The same concept applies to your Facebook Page: Are you sure that what you are about to post is actually interesting to the people who are going to see it?

Confession time – 75% of the time, the photographers I see struggling the most with their Facebook marketing are the ones who just aren’t being interesting. It’s a difficult thing to talk about, because the photographers themselves are interesting, their work is interesting, and they do have an interesting angle to share. Yet they just aren’t tapping into the minds of their clients.

As a photographer, I love looking at the work of other photographers. As a client, I’m not always that interested in photos of weddings or children or headshots. It’s not about me. It doesn’t help me with photos of me in the future. That said, as a client, I also tolerate a fair amount of photography marketing if the mix of what is posted does somehow pertain to me, my family, my photos, my future sessions, etc.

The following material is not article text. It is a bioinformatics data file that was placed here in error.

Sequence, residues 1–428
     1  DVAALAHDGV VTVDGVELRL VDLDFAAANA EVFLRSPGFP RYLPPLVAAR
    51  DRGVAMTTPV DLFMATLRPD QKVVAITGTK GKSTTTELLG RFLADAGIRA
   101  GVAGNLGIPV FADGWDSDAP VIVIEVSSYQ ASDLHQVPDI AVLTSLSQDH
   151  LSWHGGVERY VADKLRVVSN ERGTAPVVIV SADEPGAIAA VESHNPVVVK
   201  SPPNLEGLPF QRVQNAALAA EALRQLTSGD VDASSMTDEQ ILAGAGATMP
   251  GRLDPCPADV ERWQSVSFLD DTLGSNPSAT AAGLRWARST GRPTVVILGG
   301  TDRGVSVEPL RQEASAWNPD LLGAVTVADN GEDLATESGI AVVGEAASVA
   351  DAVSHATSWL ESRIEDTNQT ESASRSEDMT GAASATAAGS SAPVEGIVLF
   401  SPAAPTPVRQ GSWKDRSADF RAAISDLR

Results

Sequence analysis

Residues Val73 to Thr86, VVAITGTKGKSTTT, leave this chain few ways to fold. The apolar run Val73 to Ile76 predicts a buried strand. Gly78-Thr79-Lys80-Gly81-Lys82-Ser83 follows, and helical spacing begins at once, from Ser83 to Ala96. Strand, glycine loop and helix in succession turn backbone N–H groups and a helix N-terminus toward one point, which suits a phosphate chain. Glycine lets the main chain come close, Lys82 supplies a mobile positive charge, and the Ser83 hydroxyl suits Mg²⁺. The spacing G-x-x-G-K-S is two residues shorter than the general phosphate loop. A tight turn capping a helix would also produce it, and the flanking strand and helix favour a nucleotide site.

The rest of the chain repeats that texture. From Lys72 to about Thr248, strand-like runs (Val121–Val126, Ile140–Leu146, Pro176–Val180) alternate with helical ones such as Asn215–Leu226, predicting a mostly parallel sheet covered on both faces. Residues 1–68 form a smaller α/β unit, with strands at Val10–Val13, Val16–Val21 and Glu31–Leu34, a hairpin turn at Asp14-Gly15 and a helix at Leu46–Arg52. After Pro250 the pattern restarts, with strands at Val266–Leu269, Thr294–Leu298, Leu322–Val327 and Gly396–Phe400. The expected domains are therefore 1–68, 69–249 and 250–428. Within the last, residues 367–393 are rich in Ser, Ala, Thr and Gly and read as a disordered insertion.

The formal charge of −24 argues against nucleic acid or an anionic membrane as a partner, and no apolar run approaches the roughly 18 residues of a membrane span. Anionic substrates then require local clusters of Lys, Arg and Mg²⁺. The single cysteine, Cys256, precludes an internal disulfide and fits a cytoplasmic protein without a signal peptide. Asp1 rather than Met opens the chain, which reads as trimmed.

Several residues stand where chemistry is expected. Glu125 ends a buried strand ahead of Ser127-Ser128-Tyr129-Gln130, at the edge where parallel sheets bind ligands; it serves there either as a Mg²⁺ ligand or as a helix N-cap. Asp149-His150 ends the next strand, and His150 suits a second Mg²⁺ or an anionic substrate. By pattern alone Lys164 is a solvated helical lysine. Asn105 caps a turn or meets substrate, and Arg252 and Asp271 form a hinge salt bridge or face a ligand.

Don’t be surprised if people do not ooh and ahh over every photo you post. Think of your Facebook photos the way you would your portfolio: choose one or two of the very best images from each session or wedding or every travel stop. Evoke emotion. I don’t even look at every photo my sister posts of my super-loved niece and nephew sometimes. Chances are I am not going to look at every photo in an album full of Joe Schmoe and his family either.

Facebook Video, Facebook Video, Facebook Video!

One of my favorite tactics for jump-starting a photographer’s organic reach on Facebook is to get them on the video bandwagon. Not that long ago, Facebook really revamped their video platform while at the same time downgrading links shared from YouTube and Vimeo. Video is (more and more) an important part of photography marketing.

With a jillion different apps available or a site like Animoto, you can create a nice highlight reel and upload it as a video to Facebook. Because Facebook is really pushing their video services, the algorithm has native video ranking higher than photos or links. You can use still photos in the video, as well.